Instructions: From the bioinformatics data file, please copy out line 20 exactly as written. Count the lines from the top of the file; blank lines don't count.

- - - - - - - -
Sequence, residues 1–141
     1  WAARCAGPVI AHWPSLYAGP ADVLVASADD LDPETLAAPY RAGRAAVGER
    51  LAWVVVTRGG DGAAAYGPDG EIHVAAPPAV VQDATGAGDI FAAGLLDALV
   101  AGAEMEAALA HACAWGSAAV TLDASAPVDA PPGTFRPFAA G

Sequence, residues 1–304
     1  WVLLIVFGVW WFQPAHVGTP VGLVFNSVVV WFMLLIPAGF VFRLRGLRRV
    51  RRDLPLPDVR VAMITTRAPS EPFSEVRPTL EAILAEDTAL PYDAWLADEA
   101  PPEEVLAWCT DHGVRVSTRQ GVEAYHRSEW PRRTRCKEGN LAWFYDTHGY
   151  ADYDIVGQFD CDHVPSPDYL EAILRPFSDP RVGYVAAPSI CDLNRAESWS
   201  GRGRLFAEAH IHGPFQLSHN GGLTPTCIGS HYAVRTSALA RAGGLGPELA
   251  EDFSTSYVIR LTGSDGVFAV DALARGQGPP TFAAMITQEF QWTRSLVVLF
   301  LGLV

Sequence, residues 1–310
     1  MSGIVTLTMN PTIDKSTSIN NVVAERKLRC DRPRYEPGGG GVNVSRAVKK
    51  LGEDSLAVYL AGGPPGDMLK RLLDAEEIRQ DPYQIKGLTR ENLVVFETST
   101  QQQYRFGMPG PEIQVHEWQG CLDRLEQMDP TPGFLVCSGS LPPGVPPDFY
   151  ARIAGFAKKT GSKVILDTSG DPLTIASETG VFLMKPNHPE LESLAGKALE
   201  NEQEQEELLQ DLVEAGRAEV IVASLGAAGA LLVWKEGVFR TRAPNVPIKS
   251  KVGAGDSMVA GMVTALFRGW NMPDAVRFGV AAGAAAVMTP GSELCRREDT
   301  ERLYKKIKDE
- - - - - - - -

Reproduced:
   301  ERLYKKIKDE